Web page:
Approximately one in 20 people develop carpal tunnel syndrome at least once in their lifetime, and 3-6% of people in the US suffer from it. It’s a fairly common injury, especially in modern times, and this painful condition can worsen with time, which is why you need to get treatment as quickly as possible. Here’s a look at some facts you should know about it:
What is Carpal Tunnel Syndrome?
Carpal tunnel syndrome is a compression of the median nerve in your wrist. It happens when a nerve or tendon swells or becomes inflamed. Compressed nerves and nerve trauma is relatively common, especially in women. While it is considered a modern ailment, earliest reports of CTS date back to the 1800s.
Who Are Most Vulnerable to It?
People with rheumatoid arthritis, patients with hypothyroidism, people with diabetes, and pregnant women are most vulnerable to it. Carpal tunnel syndrome usually disappears after pregnancy, but sometimes it can linger for several months. Don’t delay in getting treatment if that happens because there may be other underlying issues.
What are the Symptoms?
Early symptoms include a certain amount of stiffness that develops overnight. Patients feel the need to shake out their hands, hoping for some relief from discomfort. As the condition progresses, you may experience pain, numbness, and tingling. Patients usually feel these symptoms in their thumb and two fingers closest to it.
Severe nerve compression also weakens a person’s grip. You may struggle with opening bottles, holding items, or applying any pressure. Symptoms can get worse if a patient continues using the ailing hand for extended periods.
What Causes CTS?
Repetitive stress is a common cause of CTS. If you engage in activities like typing or playing the piano, you may develop CTS. Sometimes, there’s no clear underlying cause. Here’s a look at some commonly known triggers:
- Regular use of vibrating heavy machinery
- Edema or fluid retention caused by pregnancy
- Rheumatoid arthritis that causes inflammation or degeneration of nerves
- Underactive thyroid
- Injury to the wrist
- Overactive pituitary gland
- Tumor or cyst in your wrist
- Structural problems
These are some common causes of CTS. Get a complete examination and prompt treatment to ensure there are no serious underlying issues.
Testing for CTS
Most doctors will ask questions about your symptoms and see if they are an indication of carpal tunnel syndrome. They will scrutinize a patient’s hand, looking for any sign of weakness around the thumb. Here’s a look at some tests they perform:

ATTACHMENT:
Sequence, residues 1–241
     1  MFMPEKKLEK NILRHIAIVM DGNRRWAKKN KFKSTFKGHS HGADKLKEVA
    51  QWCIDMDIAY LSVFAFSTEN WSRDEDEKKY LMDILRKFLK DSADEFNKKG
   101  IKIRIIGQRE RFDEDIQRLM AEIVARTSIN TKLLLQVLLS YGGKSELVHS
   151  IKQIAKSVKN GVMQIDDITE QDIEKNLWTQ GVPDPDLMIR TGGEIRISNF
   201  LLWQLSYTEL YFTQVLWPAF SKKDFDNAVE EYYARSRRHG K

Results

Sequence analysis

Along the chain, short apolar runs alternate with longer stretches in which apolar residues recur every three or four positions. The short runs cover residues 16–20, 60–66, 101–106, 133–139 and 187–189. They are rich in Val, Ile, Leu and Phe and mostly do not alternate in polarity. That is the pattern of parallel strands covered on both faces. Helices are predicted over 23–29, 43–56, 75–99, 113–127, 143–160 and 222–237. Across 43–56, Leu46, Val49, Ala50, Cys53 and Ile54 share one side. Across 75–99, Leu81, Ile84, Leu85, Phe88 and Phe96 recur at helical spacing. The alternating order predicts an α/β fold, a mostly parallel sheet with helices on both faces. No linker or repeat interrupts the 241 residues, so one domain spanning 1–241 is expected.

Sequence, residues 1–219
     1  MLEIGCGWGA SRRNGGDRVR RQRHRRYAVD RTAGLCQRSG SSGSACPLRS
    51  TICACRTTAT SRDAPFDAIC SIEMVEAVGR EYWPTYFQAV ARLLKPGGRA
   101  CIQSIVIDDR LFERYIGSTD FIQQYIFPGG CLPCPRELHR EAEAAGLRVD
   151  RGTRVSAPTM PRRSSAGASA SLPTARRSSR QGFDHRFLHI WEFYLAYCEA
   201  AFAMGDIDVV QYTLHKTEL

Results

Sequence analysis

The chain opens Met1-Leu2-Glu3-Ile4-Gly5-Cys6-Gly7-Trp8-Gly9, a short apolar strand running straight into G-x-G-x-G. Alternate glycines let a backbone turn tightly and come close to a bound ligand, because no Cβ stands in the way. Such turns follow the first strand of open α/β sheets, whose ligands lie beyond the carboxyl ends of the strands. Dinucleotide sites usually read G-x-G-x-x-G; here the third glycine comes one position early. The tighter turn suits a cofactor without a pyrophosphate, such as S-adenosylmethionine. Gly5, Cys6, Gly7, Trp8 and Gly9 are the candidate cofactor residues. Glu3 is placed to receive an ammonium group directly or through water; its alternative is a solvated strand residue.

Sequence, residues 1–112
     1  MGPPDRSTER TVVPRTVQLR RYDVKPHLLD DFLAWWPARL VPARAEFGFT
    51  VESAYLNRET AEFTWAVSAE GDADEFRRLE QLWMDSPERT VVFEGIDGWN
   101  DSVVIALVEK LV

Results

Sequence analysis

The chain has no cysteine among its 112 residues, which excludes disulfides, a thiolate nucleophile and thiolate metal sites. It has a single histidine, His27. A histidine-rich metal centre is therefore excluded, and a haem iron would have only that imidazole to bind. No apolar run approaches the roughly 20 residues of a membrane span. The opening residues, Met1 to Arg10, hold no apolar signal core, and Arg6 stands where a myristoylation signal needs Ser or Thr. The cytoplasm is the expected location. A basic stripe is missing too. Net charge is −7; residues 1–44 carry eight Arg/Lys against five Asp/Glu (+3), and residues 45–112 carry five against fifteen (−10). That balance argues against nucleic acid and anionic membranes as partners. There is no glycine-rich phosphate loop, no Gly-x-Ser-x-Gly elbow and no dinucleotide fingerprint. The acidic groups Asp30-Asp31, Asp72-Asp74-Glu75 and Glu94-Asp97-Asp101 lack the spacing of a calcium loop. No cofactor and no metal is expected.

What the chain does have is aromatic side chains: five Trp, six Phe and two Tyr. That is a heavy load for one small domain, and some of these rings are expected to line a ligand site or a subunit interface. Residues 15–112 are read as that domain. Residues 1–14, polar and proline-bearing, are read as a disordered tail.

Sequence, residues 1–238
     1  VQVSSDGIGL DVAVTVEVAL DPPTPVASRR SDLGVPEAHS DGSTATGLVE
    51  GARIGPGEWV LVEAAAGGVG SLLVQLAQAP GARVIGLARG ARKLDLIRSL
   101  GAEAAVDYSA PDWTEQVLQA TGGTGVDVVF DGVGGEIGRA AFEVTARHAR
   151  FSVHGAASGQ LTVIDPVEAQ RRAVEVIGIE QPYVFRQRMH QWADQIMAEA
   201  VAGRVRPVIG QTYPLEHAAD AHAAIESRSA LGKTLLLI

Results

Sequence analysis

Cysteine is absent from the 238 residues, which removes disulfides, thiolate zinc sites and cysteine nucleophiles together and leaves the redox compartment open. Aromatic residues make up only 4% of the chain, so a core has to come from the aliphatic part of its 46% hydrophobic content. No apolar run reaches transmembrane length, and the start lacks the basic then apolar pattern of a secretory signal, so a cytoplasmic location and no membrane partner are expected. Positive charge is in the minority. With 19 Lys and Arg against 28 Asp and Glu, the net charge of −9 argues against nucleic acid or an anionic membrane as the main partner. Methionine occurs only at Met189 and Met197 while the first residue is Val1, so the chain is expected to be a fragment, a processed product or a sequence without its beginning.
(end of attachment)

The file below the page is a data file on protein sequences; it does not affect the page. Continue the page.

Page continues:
- Tinel’s Test
- Phalen’s test for wrist-flexion
- Nerve conduction study
- Imaging scans like x-ray or ultrasound (MRIs are ineffective)
- Blood tests to look for underlying conditions like diabetes, hypothyroidism, or arthritis.
Once a doctor has conducted some of these tests, they’ll come up with a treatment plan. In most cases, physical therapy is sufficient.
Medical Treatment Options
A doctor may prescribe anti-inflammatory medication or corticosteroid injections for treatment. Injections administered directly to the carpal tunnel are more effective than oral medication. If the symptoms last for more than six months despite various treatments, a doctor may recommend carpal tunnel release or decompression surgery. This outpatient procedure has a 90% success rate and provides long-term relief.
Patients can also perform some at-home exercises and take preventive measures to address this problem. Resting your hands, icing the affected area, wrist splints, etc., can help.
If you experience symptoms, contact your physician immediately for treatment. Prompt treatment is the only way of avoiding permanent consequences. It is also a good idea to look at underlying conditions like diabetes or obesity to prevent reoccurrence.
Board Certified Orthopedic Surgeon and Sports Medicine Physician, Dr. Stacie Grossfeld, has decades of experience helping patients in Louisville Kentucky with Carpal Tunnel Syndrome. For more information or to schedule an appointment, call Orthopaedic Specialists now at 502-212-2663.